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Mar 6, 2016

“Getting the Sheep Out of the Pit” 3-6-16

Matthew 12:9-21
March 6, 2016

As we proceed a little further into Matthew chapter 12 this morning, we see that the general subject matter is the same as it was in the first 8 verses.  These are what we might call “controversy” passages, were we see Jesus in an argument or disagreement with others.
And, as in verses 1-8, the controversy involved interpretations of what was allowed on the Sabbath.  As I said two weeks ago, the 4th commandment of the 10 commandments states that the people of God are to observe the Sabbath, and part of that observation involves the cessation of all work.  But in many cases, the definition of Work was left up to the Jewish leaders, rabbis, prophets, priests and scribes.
The Pharisees were known for maintaining extremely rigid and limiting views about what could not be done on the Sabbath.  They included healing as work.  Now they did make allowances in cases which were life threatening.  In other words, if a person were dying, you could act to save his life.  But if a person were suffering from a crippling disease, they could not receive healing on the Sabbath.
So, while in Galilee, Jesus went to a synagogue to worship on the Sabbath.  Also worshiping there was a man who had a crippled hand.  The Pharisees who were present asked Jesus if he thought it was lawful to cure such a man on the Sabbath.  In fact, according to the most common interpretation of the law in those days, it was not.  But Jesus replied by referring to another common interpretation of the law involving sheep and other domesticated animals.  It was considered OK to work to bring an animal out of a pit or other unfortunate situation on the Sabbath.  So, after referring to that allowance in their interpretation of the law, Jesus declared that since a man is more valuable than a sheep, it was allowed to do good and helpful things on the Sabbath, and he healed the man’s hand.
This made the Philistines angry and they conspired to destroy him.  Jesus’ response to their plotting against him was to leave their town and continue to teach and heal the crowds who continued to follow him.  Because there were now people who wanted to kill him because he healed on the Sabbath, he told those whom he healed to keep quiet about their healings.  Matthew comments on Jesus handling of this situation as being a fulfillment of Isa. 42, which he quotes in verses 18-21 of this 12th chapter of Matthew.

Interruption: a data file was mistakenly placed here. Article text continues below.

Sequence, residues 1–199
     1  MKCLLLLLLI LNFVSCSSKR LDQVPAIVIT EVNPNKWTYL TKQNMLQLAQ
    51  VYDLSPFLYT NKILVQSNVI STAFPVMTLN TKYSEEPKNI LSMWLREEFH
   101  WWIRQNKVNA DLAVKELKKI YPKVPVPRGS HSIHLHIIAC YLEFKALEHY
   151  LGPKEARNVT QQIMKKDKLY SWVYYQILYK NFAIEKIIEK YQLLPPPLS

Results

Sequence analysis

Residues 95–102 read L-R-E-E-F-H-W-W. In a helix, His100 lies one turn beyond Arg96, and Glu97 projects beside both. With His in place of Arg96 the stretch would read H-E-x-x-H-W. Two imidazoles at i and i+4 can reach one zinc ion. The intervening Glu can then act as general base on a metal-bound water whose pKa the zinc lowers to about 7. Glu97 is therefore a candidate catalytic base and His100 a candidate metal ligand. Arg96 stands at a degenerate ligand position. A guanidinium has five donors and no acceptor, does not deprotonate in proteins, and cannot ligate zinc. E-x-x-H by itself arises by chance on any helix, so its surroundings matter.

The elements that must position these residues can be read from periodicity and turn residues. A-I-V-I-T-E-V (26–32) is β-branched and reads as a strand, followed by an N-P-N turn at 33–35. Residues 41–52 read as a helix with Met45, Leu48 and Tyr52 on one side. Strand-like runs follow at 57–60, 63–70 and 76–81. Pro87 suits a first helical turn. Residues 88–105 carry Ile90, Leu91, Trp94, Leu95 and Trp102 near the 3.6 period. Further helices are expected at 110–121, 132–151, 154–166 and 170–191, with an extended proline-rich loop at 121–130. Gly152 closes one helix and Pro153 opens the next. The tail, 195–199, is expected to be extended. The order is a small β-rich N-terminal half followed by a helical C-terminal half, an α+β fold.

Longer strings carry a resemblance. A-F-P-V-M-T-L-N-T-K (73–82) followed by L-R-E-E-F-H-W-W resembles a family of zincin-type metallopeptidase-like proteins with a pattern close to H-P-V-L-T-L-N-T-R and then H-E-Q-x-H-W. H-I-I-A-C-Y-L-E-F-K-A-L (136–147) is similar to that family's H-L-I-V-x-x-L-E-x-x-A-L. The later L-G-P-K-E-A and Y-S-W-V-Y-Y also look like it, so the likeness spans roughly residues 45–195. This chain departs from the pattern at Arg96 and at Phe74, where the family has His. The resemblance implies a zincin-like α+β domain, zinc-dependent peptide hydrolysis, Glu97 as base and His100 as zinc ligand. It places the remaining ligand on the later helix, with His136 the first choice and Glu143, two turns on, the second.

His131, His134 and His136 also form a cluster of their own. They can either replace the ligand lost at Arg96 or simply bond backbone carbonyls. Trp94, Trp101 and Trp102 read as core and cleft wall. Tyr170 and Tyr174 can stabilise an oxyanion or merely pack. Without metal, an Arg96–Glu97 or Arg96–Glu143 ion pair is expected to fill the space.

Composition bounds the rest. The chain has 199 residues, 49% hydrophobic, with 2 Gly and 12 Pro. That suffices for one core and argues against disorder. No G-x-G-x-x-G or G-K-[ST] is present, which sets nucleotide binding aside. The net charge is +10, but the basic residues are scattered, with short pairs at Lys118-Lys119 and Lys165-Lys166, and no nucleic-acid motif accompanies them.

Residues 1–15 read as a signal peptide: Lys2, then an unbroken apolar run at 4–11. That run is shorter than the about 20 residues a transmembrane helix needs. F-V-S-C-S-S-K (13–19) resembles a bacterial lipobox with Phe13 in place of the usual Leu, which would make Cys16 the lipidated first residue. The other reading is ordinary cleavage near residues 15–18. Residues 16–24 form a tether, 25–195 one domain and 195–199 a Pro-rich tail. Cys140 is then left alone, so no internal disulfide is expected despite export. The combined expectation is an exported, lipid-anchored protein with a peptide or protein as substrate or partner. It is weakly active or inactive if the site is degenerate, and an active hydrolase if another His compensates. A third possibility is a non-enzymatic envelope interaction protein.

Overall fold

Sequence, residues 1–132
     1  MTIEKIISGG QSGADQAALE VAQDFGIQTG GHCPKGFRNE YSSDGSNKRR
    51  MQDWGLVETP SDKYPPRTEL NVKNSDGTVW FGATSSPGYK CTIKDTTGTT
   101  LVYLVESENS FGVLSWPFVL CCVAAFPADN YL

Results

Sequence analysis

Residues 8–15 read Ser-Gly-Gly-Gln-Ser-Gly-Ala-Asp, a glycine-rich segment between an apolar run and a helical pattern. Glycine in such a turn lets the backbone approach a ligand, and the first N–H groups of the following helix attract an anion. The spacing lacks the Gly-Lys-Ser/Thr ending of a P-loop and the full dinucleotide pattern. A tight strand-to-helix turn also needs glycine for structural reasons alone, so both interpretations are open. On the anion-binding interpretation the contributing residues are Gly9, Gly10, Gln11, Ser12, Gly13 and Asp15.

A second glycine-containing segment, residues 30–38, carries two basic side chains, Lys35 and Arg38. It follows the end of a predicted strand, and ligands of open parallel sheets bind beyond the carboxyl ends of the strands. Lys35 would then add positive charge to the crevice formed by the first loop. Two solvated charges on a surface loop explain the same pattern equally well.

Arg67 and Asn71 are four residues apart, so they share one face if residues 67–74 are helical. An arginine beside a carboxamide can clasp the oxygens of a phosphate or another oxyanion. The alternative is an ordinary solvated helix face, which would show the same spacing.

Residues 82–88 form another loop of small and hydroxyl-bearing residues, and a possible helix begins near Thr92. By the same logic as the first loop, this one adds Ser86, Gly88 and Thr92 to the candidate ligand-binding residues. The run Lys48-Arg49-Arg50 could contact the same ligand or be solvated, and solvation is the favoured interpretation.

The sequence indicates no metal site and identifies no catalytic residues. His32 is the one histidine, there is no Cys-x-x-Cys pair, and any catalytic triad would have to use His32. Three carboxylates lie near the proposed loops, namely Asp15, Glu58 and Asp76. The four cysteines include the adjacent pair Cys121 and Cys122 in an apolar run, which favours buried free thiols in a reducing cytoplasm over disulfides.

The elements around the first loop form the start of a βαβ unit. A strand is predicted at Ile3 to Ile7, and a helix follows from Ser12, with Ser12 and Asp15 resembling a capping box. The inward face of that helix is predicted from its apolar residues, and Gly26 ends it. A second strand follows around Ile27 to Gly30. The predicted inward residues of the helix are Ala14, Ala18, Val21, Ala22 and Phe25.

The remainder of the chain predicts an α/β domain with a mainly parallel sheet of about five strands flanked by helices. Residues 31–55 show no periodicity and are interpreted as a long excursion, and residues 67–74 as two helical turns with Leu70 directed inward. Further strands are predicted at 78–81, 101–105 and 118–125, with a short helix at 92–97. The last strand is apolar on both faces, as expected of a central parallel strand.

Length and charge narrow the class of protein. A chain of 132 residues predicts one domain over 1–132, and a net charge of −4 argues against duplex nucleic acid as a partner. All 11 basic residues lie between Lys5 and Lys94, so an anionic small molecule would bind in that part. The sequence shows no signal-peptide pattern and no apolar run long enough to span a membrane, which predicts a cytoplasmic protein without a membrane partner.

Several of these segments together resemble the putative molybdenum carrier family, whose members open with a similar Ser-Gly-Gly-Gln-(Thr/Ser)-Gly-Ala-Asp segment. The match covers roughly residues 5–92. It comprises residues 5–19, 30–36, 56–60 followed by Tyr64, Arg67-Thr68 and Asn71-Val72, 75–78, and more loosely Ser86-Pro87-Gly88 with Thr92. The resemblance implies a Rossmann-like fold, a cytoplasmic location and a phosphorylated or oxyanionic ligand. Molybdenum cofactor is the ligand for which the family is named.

The Isaiah passage presents the Servant of God AKA the messiah as mostly non-confrontational. He would not win hearts and minds with forceful arguments or physical force.  He would quietly perform discreet acts, gently helping the sinful, the weak and the infirm.  He would not take advantage of the weak, but he would attempt to build them up. 
In our current political cycle, we are seeing candidates verbally attacking and insulting each other.  Here we see Jesus quietly making a point and then leaving those who confronted him.  You see, Jesus was not running for office, he was not depending on a popular movement to defend him.  He did not have to be elected.  He already had the title of ruler and defender of God’s kingdom; He already had the appointment from God to be the great savior.  And he knew that the real enemy he came to overcome was not the people who opposed him.  The real enemies were the sins of all people and the eternal damnation that those sins brought to all people. 
Now I want to go back to what Jesus said about a sheep and that man.  He said that if it was OK to help a sheep on the Sabbath, it was OK to help a man on the Sabbath.
This month we will be celebrating the death and resurrection of Jesus on Good Friday and Easter Sunday.  According to the chronology of Holy week Jesus spent a Sabbath day dead, in the tomb.  He died on Friday, remained in the tomb all day Saturday, or the Sabbath, and then rose from the dead on Sunday.
He did go down into the pit, the habitation of the dead, to save us on a Sabbath. 
Jesus did not forcefully confront the people or the forces of evil. He lovingly and humbly healed and forgave and lifted up those who were suffering. 
Had he not come, we would have been among those who were condemned to eternal suffering, but he died to forgive our sins.  Or as he put it in the words he spoke to them on Holy Thursday, “This is my blood, which is poured out for the forgiveness of your sins.”
In this sacrament we remember that we were the sheep who fell into a pit, and the son of God came down from Glory, from Heaven, from the Father, and died to atone for our sins.  He died to lift us out of the pit into eternal life.  May Glory and praise and honor be given to the Father, the Son, and the Holy Spirit forever, Amen.

Pastor David L. Horner
Faith Presbyterian Church
West Lafayette, IN 47906